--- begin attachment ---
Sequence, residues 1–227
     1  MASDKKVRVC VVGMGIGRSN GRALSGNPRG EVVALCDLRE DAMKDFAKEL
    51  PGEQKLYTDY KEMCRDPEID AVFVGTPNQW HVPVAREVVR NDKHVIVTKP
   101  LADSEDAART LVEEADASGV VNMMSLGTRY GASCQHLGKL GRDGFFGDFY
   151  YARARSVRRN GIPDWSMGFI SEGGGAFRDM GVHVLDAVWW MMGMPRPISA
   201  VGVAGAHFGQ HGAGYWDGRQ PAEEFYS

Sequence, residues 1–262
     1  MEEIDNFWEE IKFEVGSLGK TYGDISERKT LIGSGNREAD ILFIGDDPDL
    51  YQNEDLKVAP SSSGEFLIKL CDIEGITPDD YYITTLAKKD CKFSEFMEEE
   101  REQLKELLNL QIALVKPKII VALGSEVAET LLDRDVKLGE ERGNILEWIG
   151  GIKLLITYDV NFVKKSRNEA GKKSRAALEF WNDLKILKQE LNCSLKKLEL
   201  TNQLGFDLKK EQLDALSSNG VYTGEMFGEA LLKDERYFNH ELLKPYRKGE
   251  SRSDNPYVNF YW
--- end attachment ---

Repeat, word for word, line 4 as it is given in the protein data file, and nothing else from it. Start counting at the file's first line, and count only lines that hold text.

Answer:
   101  LADSEDAART LVEEADASGV VNMMSLGTRY GASCQHLGKL GRDGFFGDFY